- Category: HCV Vaccines
- Published on Tuesday, 10 January 2012 00:00
- Written by Liz Highleyman
An investigational adenovirus-based hepatitis C virus (HCV) vaccine induced sustained T-cell responses and cytokine production in a small Phase 1 study of healthy volunteers, according to findings reported in the January 4, 2012, issue of Science Translational Medicine.
While the recent advent of direct-acting antiviral drugs has ushered in a new era of hepatitis C treatment, an effective vaccine is still out of reach. HCV vaccine research is difficult because the virus mutates rapidly to evade the immune system and viral isolates are highly variable.
Eleanor Barnes and Paul Klenerman from the Oxford University and colleagues aimed to develop a vaccine that can elicit HCV-specific T-cell responses able to protect people against hepatitis C.
Numerous studies have shown that host T-cell responses are critical for spontaneous HCV clearance, the study authors noted as background, and preclinical studies suggest this type of response is required for a vaccine to confer protective immunity.
The researchers designed recombinant vaccine vectors made up of HCV proteins delivered by adenoviruses, the type of virus that causes the common cold.
According to their first report, they tested a variety of adenoviruses for HCV vaccine suitability. Recombinant vectors based on human adenovirus type 5 (Ad5) have been shown to induce protective immune responses against various pathogens. However, they are not as effective for individuals -- representing a majority of the population -- who have previously been exposed to and developed neutralizing antibodies against Ad5.
The investigators therefore tested rare human adenoviruses, against which most people would not have antibodies, but these proved to be "far less potent" than Ad5 as vaccine vectors. Next, they looked at more than 1000 chimpanzee adenovirus strains to determine if they would be neutralized by human antibodies and able to grow in human laboratory cell lines. The potency of chimpanzee adenovirus vectors varied widely in mice, and a subset were found to be safe and potent in Phase 1 human clinical trials.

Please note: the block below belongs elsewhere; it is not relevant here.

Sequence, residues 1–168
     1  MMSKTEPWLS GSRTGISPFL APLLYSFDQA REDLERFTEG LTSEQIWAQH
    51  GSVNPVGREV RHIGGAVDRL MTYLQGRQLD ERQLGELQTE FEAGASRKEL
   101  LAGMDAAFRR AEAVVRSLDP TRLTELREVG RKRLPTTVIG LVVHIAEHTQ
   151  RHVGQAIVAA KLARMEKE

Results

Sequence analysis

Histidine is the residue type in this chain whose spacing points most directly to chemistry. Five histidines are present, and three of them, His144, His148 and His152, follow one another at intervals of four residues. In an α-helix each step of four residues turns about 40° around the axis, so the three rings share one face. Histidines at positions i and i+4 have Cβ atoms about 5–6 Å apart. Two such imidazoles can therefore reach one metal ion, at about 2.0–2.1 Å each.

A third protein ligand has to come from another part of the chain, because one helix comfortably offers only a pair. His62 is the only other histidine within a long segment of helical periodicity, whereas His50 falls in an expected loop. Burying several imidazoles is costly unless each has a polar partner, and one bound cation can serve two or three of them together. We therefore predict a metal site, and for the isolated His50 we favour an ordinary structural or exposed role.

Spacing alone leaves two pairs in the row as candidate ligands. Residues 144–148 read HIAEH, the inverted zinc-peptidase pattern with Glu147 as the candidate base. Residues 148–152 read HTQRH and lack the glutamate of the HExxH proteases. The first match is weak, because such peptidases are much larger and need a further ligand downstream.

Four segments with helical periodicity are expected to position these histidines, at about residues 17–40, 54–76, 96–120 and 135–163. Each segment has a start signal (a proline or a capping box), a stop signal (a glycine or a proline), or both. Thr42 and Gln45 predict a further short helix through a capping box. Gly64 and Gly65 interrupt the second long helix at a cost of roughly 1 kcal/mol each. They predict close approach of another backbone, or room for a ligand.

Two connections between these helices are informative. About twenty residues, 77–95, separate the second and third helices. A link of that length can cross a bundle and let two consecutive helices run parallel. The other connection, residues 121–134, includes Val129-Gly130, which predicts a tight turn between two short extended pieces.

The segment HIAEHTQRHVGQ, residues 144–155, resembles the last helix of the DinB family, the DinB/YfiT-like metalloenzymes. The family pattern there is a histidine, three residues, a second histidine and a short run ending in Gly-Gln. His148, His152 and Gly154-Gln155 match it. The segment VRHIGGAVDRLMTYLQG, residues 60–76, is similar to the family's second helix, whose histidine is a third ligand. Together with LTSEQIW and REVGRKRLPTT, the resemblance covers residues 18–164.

As described in the other report, the team tested 2 replication-defective adenovirus vectors -- the rare human serotype Ad6 and chimpanzee adenovirus 3 (ChAd3) -- expressing NS (non-structural) proteins from HCV genotype 1b. The analysis included 41 healthy volunteers without hepatitis C.
- Both adenovirus vectors primed T-cell responses against HCV proteins, including both CD4 and CD8 cell subsets.
- These T-cell responses targeted multiple HCV proteins, and were able to recognize HCV genotypes 1a and 3a, as well as 1b.
- These HCV-specific T-cells secreted cytokines (chemical messengers) involved in immune response including interleukin 2, interferon gamma, and tumor necrosis factor alfa.
- After a booster vaccine, T-cell responses were sustained for at least 1 year.
- The researchers identified pools of long-lived central and effector memory T-cells that maintained functionality and ability to proliferate.